I use them both. Cisco has way more features than HP, so if you use more of the advanced features, you'll probably find HP lacking a bit more of the adanced features, and being more of just the basics of what a managed switch should be.
But, if the feature set matches with what you are using them for, ProCurves have been pretty dependable.
I guess I don't factor maintenance in, as I stock my own spares, and don't need to upgrade much, so most of my stuff isn't on Smartnet. Most of the Catalyst line is on a limited lifetime waranty though as well?
I haven't seen 50%, but yes the HPs are a bit cheaper. Ie. looking at like the L3 managed switchs from cisco vs. the HPs. the ProCurve 2848 is $3200 at CDW vs. Cisco WS-C3560G-48TS-S at $5500. I guess thats about 40%.
It's not just any old warranty either, it includes [IME] advanced hardware replacement.
I suggest the OP takes a thorough look at his network setup to absolutely sure that all the features he relies on are present in the equivalent HP model, eg he may need to add on a Procurve Premium license for OSPF.
think twice, and compare the features. ProCurve have a CLI similar to Cisco, but they take a different approach.
One stunning example is trunks:
In IOS you create a trunk, and once it's up and running you can add or remove interfaces to and from the trunk by configuring the interface as port channel member.
In ProCurve, you have to delete and recreate the trunk, but then you have to configure all vlans back to the trunk (vlan , tagged trkxx). Worst case scenario here is you need to get into the switch via that trunk. In this case you literally chop off the branch you sit on.
Many of the show ** commands do not have a corresponding equivalent in ProCurve.
Worst case scenario is a mixed environment. You can never be sure what is possible where, and always bear in mind the different approach each vendor takes.
In short: If you have more than one site, go for Cisco. A single site can afford to run ProCurve, but NEVER plan to run a heterogeneous environment.
Thanks for the info, Albert. While I'm not the original poster, I've thought about integrating ProCurve into smaller areas of my environment. Those are indeed some glaring issues. I bought into the Juniper argument about how much superior to Cisco they are and such. I've been somewhat disappointed. I hate to be a all-you-can-eat Cisco buffet, but I've yet to find a product at substantial savings that doesn't introduce some headache that impacts production and/or doesn't end up being the benefit as originally hoped.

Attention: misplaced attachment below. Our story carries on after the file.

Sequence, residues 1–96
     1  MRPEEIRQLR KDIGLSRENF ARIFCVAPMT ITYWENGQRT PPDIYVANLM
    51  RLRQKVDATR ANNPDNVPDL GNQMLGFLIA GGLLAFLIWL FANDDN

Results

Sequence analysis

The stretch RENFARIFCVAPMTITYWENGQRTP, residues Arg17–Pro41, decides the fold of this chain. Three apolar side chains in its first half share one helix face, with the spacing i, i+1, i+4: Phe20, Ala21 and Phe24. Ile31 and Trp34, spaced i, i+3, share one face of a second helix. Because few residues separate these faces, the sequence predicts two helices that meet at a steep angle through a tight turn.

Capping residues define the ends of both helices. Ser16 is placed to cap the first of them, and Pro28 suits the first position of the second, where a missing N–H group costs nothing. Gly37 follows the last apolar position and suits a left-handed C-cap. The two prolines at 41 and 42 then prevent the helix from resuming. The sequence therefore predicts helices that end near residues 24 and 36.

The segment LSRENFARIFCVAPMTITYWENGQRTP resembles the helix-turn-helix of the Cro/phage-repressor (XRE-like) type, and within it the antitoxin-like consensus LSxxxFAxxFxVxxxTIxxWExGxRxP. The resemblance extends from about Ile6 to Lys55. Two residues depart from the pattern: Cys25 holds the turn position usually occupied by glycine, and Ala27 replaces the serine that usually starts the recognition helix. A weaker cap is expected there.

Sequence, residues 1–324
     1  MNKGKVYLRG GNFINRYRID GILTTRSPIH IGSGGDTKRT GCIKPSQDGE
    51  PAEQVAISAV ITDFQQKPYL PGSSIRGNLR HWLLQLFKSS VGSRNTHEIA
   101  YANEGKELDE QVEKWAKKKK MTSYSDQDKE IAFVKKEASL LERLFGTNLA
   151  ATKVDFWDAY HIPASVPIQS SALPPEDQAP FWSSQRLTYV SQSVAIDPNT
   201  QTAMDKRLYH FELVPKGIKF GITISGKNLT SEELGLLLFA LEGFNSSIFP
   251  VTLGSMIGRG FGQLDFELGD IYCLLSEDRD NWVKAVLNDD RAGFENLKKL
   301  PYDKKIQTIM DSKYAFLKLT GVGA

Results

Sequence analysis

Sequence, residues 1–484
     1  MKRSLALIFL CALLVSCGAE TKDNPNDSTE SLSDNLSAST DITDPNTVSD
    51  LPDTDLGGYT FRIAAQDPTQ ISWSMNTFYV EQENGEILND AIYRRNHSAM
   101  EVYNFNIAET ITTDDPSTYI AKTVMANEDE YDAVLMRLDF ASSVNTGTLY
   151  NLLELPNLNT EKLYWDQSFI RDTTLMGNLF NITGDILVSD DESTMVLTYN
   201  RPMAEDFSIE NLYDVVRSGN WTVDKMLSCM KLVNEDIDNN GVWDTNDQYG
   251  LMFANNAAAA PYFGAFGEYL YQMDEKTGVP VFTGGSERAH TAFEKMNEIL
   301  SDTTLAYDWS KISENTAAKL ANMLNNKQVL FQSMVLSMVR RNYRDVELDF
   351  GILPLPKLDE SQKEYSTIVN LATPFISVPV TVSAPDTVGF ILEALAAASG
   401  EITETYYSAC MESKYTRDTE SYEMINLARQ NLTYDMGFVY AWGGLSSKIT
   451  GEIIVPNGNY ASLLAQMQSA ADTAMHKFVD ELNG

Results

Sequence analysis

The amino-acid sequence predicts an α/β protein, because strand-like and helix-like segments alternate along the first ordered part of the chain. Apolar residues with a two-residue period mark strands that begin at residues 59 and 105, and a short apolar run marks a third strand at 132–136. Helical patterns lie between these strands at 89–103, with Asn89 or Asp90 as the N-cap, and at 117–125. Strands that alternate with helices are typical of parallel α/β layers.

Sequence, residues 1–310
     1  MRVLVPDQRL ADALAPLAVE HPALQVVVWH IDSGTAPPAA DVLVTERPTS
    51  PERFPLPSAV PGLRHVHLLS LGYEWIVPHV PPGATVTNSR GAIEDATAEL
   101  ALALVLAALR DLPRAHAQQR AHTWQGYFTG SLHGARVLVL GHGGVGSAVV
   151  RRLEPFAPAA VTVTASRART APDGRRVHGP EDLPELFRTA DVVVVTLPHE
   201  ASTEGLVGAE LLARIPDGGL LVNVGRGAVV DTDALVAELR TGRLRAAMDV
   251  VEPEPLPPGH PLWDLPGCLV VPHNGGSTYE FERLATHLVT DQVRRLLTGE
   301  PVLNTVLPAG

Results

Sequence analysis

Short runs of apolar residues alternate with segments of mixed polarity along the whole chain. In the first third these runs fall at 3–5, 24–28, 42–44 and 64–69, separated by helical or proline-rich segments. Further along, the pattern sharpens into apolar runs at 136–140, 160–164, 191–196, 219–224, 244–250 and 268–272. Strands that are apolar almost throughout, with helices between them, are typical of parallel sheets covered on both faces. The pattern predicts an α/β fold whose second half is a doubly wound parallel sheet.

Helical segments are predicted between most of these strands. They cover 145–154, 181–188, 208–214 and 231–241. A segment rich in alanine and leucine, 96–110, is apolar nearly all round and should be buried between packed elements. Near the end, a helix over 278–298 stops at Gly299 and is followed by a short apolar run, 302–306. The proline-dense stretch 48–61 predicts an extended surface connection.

Thanks for the tangible examples...if you have more, feel free to pass along!
The answer is, as usual, it depends. In this case it depends upon your architecture.
We have had HP Procurve 4100s in our closets with more than 48 ports since 2002. Cisco only offered the 4000 followed by the 4500 series for denser closets. The cat 2980 was ridiculous. The catalyst 4000s were not impressive and overpriced. Upstream from the Procurves are typically Catalyst 3550/3560s that aggregate a larger building or a campus and flow upstream to a 6500 with dual sup 720s. While deciding, search for "Cisco Procurve spanning tree" and read the RPVST+ document from HP. There are others, also. Very interesting. If you are looking at current Procurves, consider 802.1s. In reality,
802.1d will work, but it gets a noisy. My experience with trunking has been okay. LACP works okay, is dynamic, and I've never had to delete the whole config. to modify. There are some models with a limit of four ports on the trunk/channel. (careful with the term "trunk" it means different things) I don't really recommend PAgP, even on Cisco-Cisco, but that's in the same vein as OSP vs. EIGRP. I would not, however, recommend HP L3 switches, except at the edge where L3 has been pushed down to the closet. That's a Cisco arch. that was pushed a bit by the Cisco enterprise folks. There is too much advantage to having Cisco routing in the LAN core. It depends upon your design objectives, but QOS policing, bidir PIM, and features like VRF-lite virtualization with OSPF are too good to pass on.
All in all, if it L2 at the closet, and you have good Cisco L3 upstream, Procurves are good products. They are pretty fast.